Just four days after he was arrested for unclear reasons by Russian government authorities, one of Russian President Vladimir Putin's most outspoken critics, opposition leader Alex Navalny, has suddenly fallen ill while in prison. Authorities initially described the incident as an "allergic reaction" causing "severe facial swelling and red rashes on the skin," according to a report by Radio Free Europe.
Navalny was transported to a nearby hospital where he is receiving medical attention, according to a Twitter post by Navalny's press secretary, Kira Yarmysh. However, doctors who examined the Putin opponent were skeptical of the initial claim of an "allergy" causing Navalny's sudden ailment.
When Navlany's personal doctor, Anastasia Vasilyeva, visited him in the hospital and examined him, she said that she could not rule out the possibility that he had been poisoned, according to a Sky News report.
"We cannot rule out that toxic damage to the skin and mucous membranes by an unknown chemical substance was inflicted with the help of a 'third party.'" Vasilyeva wrote on her Facebook page after examining Navalny. She also alleged that Navalny's care had been taken over by the "chief doctor" for Putin's United Russia party and that she and other doctors who had treated Navalny in the past were barred from attending to him.According to Yarmish, via Twitter, police initially attempted to prevent Navalny from being taken to the hospital by ambulance and did now allow him a phone call when he was finally taken out of prison for medical care.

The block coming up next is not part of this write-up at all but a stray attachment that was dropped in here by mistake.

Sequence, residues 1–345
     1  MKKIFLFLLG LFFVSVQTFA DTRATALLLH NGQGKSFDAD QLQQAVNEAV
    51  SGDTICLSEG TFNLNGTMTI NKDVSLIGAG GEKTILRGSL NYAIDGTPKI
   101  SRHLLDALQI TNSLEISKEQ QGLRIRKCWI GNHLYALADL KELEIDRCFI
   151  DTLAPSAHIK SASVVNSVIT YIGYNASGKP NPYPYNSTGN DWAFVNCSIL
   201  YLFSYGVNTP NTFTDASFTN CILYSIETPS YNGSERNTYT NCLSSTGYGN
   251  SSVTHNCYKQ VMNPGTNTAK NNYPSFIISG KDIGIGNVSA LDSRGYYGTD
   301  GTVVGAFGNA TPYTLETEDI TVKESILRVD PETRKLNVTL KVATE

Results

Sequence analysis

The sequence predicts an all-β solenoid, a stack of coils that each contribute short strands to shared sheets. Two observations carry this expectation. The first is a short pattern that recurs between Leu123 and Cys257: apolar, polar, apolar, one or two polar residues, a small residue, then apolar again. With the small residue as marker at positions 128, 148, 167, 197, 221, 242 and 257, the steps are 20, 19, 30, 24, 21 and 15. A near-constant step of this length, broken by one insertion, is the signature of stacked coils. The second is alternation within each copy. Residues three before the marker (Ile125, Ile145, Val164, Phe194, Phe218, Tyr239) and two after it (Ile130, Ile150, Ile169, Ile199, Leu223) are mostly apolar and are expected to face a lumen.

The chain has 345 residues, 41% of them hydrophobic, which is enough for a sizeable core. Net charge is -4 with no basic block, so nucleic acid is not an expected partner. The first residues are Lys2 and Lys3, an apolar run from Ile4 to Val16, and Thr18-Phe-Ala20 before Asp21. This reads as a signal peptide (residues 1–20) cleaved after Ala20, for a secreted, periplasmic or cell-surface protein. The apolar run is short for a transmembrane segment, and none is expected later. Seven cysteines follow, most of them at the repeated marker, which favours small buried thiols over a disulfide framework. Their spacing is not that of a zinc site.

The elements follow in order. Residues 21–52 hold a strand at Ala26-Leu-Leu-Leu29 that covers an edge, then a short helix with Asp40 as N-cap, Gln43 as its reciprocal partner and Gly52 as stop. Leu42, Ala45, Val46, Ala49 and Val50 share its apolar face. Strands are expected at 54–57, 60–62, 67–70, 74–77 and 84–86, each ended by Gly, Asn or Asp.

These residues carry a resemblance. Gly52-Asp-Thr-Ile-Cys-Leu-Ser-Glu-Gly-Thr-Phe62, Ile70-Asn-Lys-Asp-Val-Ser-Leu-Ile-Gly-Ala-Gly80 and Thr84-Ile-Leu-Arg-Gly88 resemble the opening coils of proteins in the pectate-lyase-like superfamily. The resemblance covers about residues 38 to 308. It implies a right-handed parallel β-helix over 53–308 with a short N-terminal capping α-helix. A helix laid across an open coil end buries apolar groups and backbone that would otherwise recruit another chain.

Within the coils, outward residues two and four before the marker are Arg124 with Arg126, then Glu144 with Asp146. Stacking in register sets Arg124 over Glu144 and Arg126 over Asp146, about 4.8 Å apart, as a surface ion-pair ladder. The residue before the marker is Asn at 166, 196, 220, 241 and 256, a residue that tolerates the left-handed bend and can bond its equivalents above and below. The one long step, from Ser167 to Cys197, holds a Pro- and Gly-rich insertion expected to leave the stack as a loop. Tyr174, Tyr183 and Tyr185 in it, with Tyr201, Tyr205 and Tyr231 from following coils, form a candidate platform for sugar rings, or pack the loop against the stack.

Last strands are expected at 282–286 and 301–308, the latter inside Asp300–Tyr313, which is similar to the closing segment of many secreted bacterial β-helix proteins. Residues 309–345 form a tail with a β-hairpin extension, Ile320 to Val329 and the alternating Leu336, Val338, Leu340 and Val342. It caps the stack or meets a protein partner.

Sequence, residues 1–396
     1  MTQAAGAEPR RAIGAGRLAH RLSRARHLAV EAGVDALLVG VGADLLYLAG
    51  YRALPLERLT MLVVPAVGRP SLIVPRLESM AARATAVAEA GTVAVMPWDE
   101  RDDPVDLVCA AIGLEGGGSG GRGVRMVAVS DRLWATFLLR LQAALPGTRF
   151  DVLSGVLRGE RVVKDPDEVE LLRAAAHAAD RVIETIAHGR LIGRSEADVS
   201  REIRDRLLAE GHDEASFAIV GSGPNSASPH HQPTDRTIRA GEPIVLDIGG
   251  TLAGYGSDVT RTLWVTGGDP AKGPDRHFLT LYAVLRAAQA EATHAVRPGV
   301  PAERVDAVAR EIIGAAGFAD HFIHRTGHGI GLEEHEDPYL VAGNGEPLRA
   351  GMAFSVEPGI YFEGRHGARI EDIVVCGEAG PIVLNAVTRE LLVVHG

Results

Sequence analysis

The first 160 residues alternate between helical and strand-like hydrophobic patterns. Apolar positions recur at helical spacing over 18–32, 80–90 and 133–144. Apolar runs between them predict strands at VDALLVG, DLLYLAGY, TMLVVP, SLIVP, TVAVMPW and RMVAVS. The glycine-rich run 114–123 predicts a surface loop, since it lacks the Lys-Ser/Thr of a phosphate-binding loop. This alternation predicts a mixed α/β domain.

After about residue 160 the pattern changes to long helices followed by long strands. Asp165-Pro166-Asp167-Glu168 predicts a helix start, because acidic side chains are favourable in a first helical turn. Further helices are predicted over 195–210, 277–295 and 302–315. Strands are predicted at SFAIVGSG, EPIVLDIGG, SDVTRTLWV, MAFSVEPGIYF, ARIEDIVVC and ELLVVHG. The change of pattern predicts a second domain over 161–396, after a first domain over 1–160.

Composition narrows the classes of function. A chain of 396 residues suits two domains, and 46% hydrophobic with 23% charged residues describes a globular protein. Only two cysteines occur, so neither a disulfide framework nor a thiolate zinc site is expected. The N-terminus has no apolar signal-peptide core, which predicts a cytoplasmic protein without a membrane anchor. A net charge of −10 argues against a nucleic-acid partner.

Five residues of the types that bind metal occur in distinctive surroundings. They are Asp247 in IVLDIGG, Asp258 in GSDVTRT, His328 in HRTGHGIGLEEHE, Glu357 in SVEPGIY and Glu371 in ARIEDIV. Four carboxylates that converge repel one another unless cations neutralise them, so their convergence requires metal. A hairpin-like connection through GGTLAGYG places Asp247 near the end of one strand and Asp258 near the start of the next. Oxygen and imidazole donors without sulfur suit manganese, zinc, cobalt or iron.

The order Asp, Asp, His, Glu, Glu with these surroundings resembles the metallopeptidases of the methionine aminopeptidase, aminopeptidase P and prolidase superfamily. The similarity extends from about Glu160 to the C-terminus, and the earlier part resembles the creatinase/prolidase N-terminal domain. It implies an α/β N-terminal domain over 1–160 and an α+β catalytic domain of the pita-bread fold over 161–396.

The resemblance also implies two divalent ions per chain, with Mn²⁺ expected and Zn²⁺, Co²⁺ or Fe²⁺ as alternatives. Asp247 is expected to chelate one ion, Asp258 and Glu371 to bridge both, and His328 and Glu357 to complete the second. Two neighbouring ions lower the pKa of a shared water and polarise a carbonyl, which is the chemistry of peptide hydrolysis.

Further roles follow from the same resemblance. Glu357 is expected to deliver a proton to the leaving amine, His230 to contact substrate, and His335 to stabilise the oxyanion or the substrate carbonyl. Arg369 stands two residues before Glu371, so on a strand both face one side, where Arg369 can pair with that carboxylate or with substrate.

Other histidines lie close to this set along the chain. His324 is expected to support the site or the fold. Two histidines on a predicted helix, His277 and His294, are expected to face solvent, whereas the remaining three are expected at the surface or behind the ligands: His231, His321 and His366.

Navalny was arrested apparently because he had called for an unauthorized street protest against Moscow's ban on opposition party candidates from running in upcoming Moscow City Council elections. A large-scale protest took place on Saturday anyway, outside of Moscow City Hall, resulting in arrests by Moscow police of at least 1,600 demonstrators, according to a report by The Daily Beast.
The Moscow City Council is dominated by Putin's United Russia party but all of the seats on the council come up for reelection this year, according to National Public Radio.
According to NPR Moscow correspondent Lucian Kim, posting on Twitter, the reason for the crackdown on protests and the ban against opposition politicians contending for coot council seats is that "allowing even a few opposition politicians into Moscow city council would grant them legitimacy and exposure. And that could be a slippery slope to further erosion of Kremlin power."